Occupational name from Middle High German voget
meaning "bailiff, lawyer"
, ultimately from Latin advocatus
From Middle High German wagener
meaning "wagon maker, cartwright"
. This name was borne by the German composer Richard Wagner (1813-1883).
Occupational name for a person who walked on damp raw cloth in order to thicken it. It is derived from Middle English walkere
, Old English wealcan
meaning "to move".
WALLER (2) English
Derived from Old English weall
, denoting a builder of walls or someone who lived near a prominent wall.
WARD (2) Irish
Anglicized form of Irish Mac an Bhaird
, which means "son of the bard"
From Old French warder
"to guard" and robe
"garment", an occupational name for a servant responsible for the clothing in a household.
WATERMAN (2) English, Dutch
Occupational name for a boatman or a water carrier. It could also describe a person who lived by water.
Occupational name meaning "wagon maker, cartwright"
, derived from Old English wægn
"wagon". A famous bearer was the American actor John Wayne (1907-1979).
WEAVER (1) English
Occupational name for a weaver, derived from Old English wefan
WEAVER (2) English
From the name of the River Weaver, derived from Old English wefer
meaning "winding stream".
Occupational name meaning "weaver"
, from Old English webba
, a derivative of wefan
Occupational name meaning "weaver"
, from Old English webba
, a derivative of wefan
From German Wein
, an occupational name for a wine seller or producer.
Occupational name for a maker of wagon wheels, derived from Middle English whele "wheel"
WIRTH German, Jewish
Occupational name for an innkeeper, derived from German wirt
From the Polish title wojewoda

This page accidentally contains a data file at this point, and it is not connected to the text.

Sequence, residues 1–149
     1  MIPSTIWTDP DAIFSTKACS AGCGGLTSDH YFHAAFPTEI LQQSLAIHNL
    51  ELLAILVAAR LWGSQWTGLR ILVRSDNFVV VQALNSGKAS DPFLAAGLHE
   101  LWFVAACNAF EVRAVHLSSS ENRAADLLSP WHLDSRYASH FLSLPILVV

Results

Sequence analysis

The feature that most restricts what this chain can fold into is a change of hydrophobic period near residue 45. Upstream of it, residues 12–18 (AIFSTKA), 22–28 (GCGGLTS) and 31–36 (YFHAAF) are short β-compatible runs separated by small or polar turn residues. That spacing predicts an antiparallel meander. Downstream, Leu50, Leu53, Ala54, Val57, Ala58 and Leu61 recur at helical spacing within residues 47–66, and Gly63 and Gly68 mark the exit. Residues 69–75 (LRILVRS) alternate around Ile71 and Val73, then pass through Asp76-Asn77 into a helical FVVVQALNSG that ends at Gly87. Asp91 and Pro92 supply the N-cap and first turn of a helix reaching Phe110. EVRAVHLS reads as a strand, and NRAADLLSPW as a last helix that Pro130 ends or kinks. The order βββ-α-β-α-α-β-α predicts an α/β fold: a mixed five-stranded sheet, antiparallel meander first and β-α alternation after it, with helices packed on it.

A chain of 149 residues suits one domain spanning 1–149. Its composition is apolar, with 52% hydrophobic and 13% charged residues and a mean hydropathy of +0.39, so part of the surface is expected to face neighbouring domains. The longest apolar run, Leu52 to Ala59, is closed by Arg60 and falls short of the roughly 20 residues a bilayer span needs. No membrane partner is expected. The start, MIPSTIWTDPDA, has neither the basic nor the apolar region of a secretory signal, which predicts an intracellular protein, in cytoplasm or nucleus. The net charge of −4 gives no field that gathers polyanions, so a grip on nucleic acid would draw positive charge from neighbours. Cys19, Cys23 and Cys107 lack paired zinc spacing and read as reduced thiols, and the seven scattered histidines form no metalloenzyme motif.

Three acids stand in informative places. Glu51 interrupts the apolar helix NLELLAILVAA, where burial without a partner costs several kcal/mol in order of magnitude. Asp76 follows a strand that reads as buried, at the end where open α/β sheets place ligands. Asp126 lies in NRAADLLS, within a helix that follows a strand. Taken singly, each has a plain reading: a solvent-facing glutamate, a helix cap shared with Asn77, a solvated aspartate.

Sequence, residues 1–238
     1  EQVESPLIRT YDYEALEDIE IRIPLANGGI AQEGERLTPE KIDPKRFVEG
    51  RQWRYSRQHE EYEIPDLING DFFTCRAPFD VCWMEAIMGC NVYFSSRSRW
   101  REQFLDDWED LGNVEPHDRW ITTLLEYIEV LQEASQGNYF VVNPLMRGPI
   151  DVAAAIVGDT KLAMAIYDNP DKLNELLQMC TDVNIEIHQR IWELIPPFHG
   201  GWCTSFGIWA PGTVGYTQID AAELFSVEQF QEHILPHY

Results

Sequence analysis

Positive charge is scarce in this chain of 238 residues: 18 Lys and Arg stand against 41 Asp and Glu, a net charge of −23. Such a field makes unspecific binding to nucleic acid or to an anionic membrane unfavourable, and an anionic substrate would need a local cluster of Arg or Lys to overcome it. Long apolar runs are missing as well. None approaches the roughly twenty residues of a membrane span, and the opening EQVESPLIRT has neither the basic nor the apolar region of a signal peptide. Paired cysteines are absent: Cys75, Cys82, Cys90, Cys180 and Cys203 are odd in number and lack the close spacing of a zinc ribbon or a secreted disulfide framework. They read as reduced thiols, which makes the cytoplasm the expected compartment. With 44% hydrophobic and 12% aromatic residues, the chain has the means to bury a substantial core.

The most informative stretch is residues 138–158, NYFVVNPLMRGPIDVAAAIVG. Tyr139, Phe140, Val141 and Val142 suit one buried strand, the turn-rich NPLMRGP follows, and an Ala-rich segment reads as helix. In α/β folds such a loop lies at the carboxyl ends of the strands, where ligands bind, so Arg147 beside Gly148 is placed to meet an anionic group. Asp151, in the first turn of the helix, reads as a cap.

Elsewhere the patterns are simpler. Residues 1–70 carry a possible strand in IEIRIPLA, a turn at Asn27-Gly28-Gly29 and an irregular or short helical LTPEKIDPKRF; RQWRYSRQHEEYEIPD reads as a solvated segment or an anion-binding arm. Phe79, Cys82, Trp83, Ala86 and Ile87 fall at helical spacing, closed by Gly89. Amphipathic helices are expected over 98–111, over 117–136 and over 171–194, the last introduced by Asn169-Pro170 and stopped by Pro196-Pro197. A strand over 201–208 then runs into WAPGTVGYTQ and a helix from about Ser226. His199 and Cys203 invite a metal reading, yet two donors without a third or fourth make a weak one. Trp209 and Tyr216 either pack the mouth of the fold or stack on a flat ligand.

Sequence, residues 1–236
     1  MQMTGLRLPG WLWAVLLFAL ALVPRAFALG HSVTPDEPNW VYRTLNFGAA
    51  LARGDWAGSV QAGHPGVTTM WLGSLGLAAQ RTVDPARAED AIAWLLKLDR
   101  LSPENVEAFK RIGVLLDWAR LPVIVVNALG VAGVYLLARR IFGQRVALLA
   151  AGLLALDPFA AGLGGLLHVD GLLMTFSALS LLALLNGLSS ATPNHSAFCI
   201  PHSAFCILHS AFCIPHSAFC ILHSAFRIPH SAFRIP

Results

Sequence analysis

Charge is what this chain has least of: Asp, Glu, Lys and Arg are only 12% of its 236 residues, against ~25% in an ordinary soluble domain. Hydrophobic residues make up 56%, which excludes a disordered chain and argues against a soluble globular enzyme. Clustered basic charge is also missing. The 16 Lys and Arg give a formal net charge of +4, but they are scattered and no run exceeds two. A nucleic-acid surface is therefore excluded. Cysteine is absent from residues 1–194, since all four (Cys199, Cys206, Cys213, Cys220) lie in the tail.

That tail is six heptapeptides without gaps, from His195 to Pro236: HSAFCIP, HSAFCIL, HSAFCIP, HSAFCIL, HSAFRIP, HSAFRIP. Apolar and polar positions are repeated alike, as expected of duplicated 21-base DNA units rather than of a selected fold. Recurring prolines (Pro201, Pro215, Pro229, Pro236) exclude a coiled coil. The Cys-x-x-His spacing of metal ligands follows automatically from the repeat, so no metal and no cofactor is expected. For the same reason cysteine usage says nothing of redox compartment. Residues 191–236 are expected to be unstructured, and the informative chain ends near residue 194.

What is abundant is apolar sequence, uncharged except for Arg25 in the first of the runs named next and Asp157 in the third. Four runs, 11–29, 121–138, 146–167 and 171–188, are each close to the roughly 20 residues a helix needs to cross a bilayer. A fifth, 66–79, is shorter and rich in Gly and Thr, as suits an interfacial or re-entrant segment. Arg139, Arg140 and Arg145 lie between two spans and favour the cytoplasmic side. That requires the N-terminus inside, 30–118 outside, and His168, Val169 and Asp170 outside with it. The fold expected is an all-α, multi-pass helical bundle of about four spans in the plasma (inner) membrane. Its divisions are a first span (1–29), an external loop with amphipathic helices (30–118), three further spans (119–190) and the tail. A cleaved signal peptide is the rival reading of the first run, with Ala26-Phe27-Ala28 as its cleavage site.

meaning "governor, voivode"
(originally meaning "warlord").
Occupational name for a forester, meaning "ward of the wood"
in Old English.
WRIGHT (1) English
From Old English wyrhta
meaning "wright, maker"
, an occupational name for someone who was a craftsman. Famous bearers were Orville and Wilbur Wright, the inventors of the first successful airplane.
From Old English geat
, a name for a gatekeeper or someone who lived near a gate.
From Italian zappa
meaning "hoe, mattock"
, probably denoting a farmer. Two musicians of Italian origin have bore this name: Francesco Zappa (1717-1803) and Frank Zappa (1940-1993).
Denoted a person from one of the various towns named Zduny in Poland, which is derived from Polish zdun
meaning "potter". It can also be an occupational surname derived directly from zdun
, derived from Czech zem
"land". A famous bearer is the soccer coach Zdeněk Zeman (1947-).
From Chinese 张 (zhāng)
meaning "stretch, extend"
. It may have denoted a bowmaker whose job it was to stretch bow wood.
Occupational name for a silversmith from Yiddish zilber
"silver" and schlag
ZIMMERMANN German, Jewish
From the German word for "carpenter"
, derived from Middle High German zimber
"timber, wood" and mann
ŽITNIK Slovene, Czech
From the Slavic root žito
. This was an occupational name for a dealer in rye or a baker.
From Slavic župan
meaning "head of the district, community leader"